Our emotions express themselves physically. And there’s so much we can learn about ourselves by understanding and observing the mind/body connection. Psychomotor agitation is an example, so let’s discuss what we need to know and why we need to know it…
The term “psychomotor agitation” is classic shrink-speak. I’m thinking you know what it is from personal experience, even if the jargon doesn’t hit home.
Does this sound familiar? You’ve been looking forward to the rare opportunity of relaxing alone at home. But when the time comes you just can’t do it. Sure, you park it in your favorite chair – for two minutes. And then off you go about the house engaging in so much purposeless activity. Thing is, it always comes to this.
Ready to dig-in?
What is psychomotor agitation?
Psychomotor agitation (PA) is best described as purposeless – without intention – motions and restlessness. Another angle is restless activity inappropriate to context.
Does it ring a bell?
Now keep in mind, PA can present as a symptom of ailments such as Parkinson’s disease, Alzheimer’s, traumatic brain injury, dementia, hyponatremia, and substance use and withdrawal. But we’re approaching it from the mood and anxiety disorder side of the fence. And that means PA is a physical manifestation of emotional and mental distress.
There it is, the mind/body connection.
In our world, PA can be associated with any diagnostic situation. You name it: major depressive disorder, obsessive-compulsive disorder, posttraumatic stress disorder, any anxiety disorder, and hypomanic and manic states of bipolarity. And I have to add that it can present as an unpleasant side effect of SSRI and SNRI antidepressant use as well as antipsychotics.
What does psychomotor agitation look like?
In describing what PA looks like, I’ll first refer you back to the “relaxing” scenario I shared in the opening. Still, let’s go ahead and do a list; though there’s no way I can include every presentation…
Inability to sit still, fidgeting, unresolvable tension, inability to find a comfortable position, intense irritability, pacing, hand-wringing, nail-biting, tugging at hair or clothing, finger and foot-tapping, moving objects around for no reason, abruptly starting and stopping tasks, making things up to do, changing clothing, rapid-fire talking.
Do you see the purposeless – without intention – and inappropriate to context factor?
How is psychomotor agitation treated?
As we discuss the treatment of PA, let’s keep in mind our context: the mood and anxiety disorders, not Parkinson’s, dementia, etc.
If we accept the fact that our emotions express themselves physically, it follows that the primary cause of PA is mental tension and anxiety. How ’bout we call it mental distress.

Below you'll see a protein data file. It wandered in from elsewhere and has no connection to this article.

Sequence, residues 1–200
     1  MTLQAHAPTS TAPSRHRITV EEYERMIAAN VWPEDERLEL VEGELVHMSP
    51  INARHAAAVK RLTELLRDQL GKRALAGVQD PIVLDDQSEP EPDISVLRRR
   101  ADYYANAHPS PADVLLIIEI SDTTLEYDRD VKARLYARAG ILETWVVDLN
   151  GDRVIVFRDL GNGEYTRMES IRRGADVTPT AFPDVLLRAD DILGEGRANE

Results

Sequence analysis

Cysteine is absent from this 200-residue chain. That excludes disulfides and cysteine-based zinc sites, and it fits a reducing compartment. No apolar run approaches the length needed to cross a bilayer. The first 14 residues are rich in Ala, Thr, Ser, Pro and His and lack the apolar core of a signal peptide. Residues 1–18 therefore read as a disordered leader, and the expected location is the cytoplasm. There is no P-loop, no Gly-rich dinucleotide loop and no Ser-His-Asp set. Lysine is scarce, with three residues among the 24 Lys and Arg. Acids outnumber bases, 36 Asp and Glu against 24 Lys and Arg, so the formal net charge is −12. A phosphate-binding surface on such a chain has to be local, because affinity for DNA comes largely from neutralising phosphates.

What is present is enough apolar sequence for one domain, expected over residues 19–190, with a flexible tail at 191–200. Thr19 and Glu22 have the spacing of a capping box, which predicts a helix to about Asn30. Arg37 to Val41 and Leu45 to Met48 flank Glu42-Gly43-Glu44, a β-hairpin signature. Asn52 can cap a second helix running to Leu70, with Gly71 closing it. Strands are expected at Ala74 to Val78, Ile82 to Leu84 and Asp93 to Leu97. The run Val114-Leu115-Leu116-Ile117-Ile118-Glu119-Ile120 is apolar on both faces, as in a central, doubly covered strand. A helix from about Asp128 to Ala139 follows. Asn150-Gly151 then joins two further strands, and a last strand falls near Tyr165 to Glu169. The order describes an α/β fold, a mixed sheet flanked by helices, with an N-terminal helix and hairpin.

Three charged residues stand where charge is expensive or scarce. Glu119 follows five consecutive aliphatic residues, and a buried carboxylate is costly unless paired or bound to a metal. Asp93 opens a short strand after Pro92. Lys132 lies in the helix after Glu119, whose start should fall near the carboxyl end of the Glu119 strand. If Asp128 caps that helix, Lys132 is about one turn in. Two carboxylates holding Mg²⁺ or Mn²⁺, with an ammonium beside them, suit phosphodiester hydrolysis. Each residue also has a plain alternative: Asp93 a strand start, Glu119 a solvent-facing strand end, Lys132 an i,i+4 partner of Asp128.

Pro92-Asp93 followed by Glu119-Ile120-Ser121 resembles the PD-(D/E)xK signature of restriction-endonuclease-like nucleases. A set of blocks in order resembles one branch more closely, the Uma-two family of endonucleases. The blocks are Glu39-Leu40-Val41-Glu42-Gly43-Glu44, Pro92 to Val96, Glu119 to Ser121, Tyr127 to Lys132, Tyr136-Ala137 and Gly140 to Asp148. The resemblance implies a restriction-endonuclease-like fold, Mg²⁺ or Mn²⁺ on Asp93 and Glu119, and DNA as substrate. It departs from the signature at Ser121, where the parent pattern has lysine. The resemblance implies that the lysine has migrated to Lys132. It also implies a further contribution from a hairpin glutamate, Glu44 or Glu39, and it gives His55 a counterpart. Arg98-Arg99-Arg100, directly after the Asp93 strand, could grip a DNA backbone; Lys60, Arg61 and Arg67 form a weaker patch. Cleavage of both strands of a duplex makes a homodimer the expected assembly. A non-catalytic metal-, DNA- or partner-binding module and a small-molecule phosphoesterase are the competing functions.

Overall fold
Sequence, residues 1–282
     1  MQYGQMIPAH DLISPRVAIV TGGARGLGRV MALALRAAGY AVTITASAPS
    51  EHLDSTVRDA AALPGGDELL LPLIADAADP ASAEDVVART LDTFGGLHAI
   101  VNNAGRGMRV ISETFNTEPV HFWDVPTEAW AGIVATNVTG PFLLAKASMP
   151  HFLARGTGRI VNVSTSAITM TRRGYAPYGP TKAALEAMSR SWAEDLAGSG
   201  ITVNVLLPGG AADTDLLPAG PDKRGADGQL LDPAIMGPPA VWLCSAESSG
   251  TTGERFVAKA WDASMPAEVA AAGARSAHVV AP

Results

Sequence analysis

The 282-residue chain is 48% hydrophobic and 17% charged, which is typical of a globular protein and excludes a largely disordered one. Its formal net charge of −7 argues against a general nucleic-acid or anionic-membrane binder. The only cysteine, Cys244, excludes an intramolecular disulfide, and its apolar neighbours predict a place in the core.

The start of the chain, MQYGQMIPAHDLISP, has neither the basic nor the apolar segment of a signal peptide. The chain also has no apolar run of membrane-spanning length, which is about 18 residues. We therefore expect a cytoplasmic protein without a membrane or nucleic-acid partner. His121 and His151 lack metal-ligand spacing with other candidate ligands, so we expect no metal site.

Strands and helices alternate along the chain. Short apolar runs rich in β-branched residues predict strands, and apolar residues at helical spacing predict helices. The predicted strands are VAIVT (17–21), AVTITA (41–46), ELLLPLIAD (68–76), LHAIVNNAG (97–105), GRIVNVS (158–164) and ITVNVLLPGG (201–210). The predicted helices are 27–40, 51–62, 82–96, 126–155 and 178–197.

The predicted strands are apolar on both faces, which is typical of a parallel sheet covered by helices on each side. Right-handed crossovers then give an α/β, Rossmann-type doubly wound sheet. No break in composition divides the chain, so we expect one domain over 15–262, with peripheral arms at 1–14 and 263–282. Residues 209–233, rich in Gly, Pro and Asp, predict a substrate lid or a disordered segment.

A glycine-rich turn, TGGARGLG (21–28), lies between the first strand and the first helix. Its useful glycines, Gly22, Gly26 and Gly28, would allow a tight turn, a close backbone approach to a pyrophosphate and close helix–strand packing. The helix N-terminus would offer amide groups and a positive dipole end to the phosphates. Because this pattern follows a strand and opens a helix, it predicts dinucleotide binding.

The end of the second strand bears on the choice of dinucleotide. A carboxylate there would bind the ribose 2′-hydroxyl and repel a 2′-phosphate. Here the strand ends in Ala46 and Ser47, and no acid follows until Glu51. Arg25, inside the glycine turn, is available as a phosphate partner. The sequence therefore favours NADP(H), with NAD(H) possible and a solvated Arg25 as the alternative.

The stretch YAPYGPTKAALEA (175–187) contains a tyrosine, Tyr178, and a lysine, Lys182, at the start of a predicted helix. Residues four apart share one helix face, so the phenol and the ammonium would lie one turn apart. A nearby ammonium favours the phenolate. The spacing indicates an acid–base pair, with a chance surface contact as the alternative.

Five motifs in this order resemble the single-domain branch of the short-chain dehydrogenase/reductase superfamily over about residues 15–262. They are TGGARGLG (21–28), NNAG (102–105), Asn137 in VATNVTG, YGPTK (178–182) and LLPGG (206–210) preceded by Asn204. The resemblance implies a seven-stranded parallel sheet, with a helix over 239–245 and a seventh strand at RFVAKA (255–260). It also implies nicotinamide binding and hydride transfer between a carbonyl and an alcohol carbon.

In fact, PA presents in an effort to relieve that mental distress. So if that’s the case, anything we can do to lower the intensity of our thoughts and emotions will aid in managing PA.
By the way, are you curious as to what in our minds says, “Okay, this mental distress business is getting out of hand, so I’m flipping the switch on PA?” How does that happen? I mean, is it at an unconscious level? Is it protective? Hmmm.
Now, most of us know that even if we’re managing our circumstances well with, say, therapy, healthy lifestyle choices, or meds, distress – and PA – can spike in the face of unforeseen stressors. And, of course, we need to have strategies ready to respond to the alarm.
Why do we need to know about psychomotor agitation?
We’ve done a good job of covering the “what’s” of PA, but “Why do we need to know?” is a fair question. In my mind, the primary reason is simple: If we’re experiencing PA it’s an “official” component of our mood and anxiety circumstances – a part of us (like it or not). And that makes it our business to know and understand it.
Going back to the onset of my anxiety disorder, I wanted to gain insight into everything that was happening to me: “What’s going-on in my mind and body?!” Heck, I was more interested in that than how to secure relief.
And my take remains: “How can I manage something if I don’t know what it is?” Also, the “I don’t want to feel like a psycho-freak” factor still looms large.
Finally, understanding and observing PA, as with any symptom, provides a valuable heads-up. I described it in an article last year as rather a dashboard warning light thing. If we observe that PA is ramping-up (warning light on) we can be sure something’s cookin’ within. Only then can we become proactive and respond.
That’ll do it
Emotions expressing themselves physically – the mind/body connection. Just more evidence that our brains are miraculously wonderful, even when they’re seemingly working against us. Don’t you think?
Best part is, not only can we understand, treat, and manage phenomena like psychomotor agitation, we can use them to our benefit as a “heads-up” warning sign – a call to self-examination and relief.
Hey! If you found meaning in this piece, there are hundreds more Chipur mood and anxiety disorder-related titles awaiting your perusal. Please, dig-in.